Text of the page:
Buying insurance is part and parcel of buying a car - in fact, you'll have some sort of insurance in place before you drive the car out of the yard, even if it is just an interim 'cover note' until you can make final arrangements.

The thing is, without insurance you could find yourself facing a hefty bill if you're at fault in a car accident - and that's just for the car or property you've damaged, without considering the damage to your own vehicle.

There are three main types of insurance - compulsory third-party insurance, third-party property, and comprehensive insurance.

In addition, there are products such as gap insurance and mechanical breakdown insurance.

Compulsory Third Party
Compulsory third-party (CTP) insurance is more commonly known as 'green slip' insurance, after the colour of the application form. In effect, you can't drive a car without CTP insurance because you can't register your car without it.

You buy CTP insurance annually when your car registration comes up, handing the receipt over along with your 'pink slip' vehicle inspection when you go to pay your rego.

CTP insurance provides compensation for other people injured in an accident when you or the person driving your vehicle is the driver at fault.

It covers your passengers and other road users, including pedestrians and cyclists. But it doesn't cover you for personal injury if you're the driver at fault, and it doesn't cover damage to property or other vehicles.

Third-party property
That's where third-party property insurance comes in. Even if you can't afford comprehensive car insurance you should at the very least take out third-party property insurance.

This limited form of insurance doesn't pay for damage to your car – which you may not consider worth insuring – but it will cover you for the damage caused to another vehicle in an accident where you were at fault. Without insurance, you could be facing a damage claim for many thousands of dollars.

In addition, some third-party property insurance policies will pay out something like $3000 for damage to your own car if you're not at fault and the at-fault driver is uninsured, as long as you can identify the driver (always take details at the scene of an accident).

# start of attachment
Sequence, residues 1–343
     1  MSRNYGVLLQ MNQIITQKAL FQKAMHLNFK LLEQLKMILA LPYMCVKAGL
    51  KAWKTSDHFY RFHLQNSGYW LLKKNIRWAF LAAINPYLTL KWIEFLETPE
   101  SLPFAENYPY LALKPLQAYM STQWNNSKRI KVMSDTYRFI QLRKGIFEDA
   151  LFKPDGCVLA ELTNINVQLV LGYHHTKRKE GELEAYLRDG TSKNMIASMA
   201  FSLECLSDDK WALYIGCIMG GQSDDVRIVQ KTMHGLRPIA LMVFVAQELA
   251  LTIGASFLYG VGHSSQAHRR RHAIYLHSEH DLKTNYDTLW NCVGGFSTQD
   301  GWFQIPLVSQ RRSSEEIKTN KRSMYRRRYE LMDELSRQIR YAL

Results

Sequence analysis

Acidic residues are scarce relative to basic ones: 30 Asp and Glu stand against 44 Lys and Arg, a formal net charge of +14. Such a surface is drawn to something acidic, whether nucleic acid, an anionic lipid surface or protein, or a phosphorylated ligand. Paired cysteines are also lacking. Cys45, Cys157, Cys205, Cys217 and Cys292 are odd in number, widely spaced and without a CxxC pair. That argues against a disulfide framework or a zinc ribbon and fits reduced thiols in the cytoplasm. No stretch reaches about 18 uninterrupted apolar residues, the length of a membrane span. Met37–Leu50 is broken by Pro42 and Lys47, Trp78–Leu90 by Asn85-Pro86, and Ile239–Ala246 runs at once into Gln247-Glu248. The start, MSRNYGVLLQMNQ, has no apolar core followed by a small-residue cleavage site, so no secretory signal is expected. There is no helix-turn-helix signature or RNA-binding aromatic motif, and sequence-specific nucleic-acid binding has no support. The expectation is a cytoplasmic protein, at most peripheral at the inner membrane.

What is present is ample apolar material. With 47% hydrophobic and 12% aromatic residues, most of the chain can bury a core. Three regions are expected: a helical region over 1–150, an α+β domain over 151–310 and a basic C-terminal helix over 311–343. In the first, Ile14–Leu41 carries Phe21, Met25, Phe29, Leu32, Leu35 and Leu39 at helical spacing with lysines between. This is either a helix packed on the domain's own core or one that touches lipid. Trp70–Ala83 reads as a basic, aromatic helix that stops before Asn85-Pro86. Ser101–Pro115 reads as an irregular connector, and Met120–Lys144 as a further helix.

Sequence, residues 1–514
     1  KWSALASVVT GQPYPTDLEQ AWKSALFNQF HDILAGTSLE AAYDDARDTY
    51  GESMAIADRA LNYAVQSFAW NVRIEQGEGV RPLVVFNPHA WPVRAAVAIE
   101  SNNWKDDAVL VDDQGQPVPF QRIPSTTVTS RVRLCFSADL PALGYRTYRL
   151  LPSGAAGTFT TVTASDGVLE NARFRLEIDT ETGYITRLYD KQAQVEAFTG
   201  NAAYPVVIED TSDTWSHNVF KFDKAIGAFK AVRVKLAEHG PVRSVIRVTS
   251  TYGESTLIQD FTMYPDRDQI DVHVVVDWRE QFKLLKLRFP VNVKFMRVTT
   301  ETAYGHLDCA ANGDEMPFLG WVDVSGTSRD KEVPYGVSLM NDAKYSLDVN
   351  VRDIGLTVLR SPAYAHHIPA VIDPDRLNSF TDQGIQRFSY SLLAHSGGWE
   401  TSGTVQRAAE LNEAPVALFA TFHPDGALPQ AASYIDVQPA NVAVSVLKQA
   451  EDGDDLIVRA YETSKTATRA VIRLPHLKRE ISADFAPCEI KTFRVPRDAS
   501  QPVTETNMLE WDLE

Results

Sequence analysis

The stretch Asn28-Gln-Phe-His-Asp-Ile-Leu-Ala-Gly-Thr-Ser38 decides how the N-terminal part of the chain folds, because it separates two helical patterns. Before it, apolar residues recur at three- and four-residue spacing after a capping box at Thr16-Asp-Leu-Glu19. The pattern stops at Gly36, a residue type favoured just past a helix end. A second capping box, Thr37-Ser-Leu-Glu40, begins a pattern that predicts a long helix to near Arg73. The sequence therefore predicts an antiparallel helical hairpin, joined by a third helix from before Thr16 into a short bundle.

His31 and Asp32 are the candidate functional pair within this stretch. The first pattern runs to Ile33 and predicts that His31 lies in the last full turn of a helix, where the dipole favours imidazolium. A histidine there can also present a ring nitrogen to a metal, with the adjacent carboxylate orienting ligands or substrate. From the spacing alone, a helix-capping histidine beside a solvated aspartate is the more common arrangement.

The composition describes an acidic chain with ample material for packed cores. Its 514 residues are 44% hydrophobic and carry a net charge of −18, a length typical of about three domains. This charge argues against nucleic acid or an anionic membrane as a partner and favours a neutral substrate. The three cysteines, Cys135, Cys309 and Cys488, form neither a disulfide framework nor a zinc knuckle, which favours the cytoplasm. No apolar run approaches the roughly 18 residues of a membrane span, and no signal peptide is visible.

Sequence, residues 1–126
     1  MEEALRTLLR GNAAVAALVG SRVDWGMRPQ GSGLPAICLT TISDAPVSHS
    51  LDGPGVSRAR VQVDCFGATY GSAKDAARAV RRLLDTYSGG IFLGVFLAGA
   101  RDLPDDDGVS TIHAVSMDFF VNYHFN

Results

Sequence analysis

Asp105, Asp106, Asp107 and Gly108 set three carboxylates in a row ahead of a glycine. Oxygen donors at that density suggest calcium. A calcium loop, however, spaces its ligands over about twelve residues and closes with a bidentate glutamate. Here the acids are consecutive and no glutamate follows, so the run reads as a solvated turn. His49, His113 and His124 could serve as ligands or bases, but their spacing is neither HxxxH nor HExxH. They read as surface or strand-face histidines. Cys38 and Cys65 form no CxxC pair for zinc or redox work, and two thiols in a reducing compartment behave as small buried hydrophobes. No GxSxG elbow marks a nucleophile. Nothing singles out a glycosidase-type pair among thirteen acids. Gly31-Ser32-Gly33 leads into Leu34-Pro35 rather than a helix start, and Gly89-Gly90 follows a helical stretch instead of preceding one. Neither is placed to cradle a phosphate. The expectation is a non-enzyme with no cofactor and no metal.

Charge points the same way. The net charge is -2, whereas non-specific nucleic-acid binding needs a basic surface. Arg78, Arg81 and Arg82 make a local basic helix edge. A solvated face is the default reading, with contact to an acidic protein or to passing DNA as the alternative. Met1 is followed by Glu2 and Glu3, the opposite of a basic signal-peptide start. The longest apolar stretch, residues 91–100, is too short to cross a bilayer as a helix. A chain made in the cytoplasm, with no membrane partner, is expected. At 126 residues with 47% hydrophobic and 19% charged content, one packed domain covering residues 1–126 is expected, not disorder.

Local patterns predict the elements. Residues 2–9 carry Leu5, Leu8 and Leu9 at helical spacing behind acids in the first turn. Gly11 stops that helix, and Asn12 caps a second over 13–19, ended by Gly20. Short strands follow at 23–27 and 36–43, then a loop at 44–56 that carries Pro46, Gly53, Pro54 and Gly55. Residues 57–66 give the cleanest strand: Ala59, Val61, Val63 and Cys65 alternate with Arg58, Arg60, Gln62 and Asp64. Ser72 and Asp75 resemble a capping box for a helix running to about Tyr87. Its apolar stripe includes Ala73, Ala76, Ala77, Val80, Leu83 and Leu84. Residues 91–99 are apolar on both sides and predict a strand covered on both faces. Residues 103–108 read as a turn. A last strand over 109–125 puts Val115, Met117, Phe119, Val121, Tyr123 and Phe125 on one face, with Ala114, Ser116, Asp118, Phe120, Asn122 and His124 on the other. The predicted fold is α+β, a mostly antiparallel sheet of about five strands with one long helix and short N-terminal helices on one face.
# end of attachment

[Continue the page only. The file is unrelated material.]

You can also buy third-party fire and theft insurance. This covers you, as it says, for fire and theft in addition to damage to other vehicles and property.

If you've spent upwards of $10,000 on a car, think twice about whether third-party insurance is sufficient. You'll have to pay for the damage to your own car if you're at fault, possibly writing off tens of thousands of dollars if it's wrecked. Comprehensive insurance may be warranted.

Comprehensive
Ask yourself: if your car was badly damaged, could you afford the cost of replacing it? If you couldn't, you should consider comprehensive insurance.

Comprehensive insurance covers you for damage to your own car as well as damage to other people's property. It's not cheap, but there's plenty of competition among insurers, so shop around.

If you have a car loan your lender will probably require you to have comprehensive insurance in any case, to protect their interest if the car is stolen or badly damaged.

Gap insurance
You may be offered gap or 'shortfall' insurance when you take out a car loan. If you car is seriously damaged and written off, gap insurance makes up the difference between what your insurance company pays out and what you still owe on the car.

You are not obliged to take the gap insurance a car deal offers you. They may be linked to one particular insurer, which is paying them commission and the policy may not be the best or cheapest. It's in your interest to shop around.

Extended warranties
You may also be offered various forms of mechanical failure insurance, such as the option to extend a new car's warranty beyond the one, two or three warranty it may already come with.

Consider whether the cost is really worth it. What's the likelihood of a relatively new car, or one with low kilometres, suffering an expensive mechanical failure?

Other types of insurance
Some of the major insurers provide cover for transport such as boats and classic cars, but you may be better off going to specialised operators, such as Club Marine Australia and Associated Marine for boats, or Shannons and Unique Car Insurance for cars.

Specialist providers tend to have lower premiums - in the case of cars they may be more willing to allow vintage car owners to retain the wreck of their car should it be written off.

Be aware that marine cover is usually limited to within 200 nautical miles of Australia and ocean racing generally requires a specific policy. Waterskiing also tends to require an additional premium.

Checklist:
The main types of car insurance are:

  • compulsory third party
  • third-party property
  • third-party fire and theft
  • comprehensive
  • gap insurance
  • mechanical failure insurance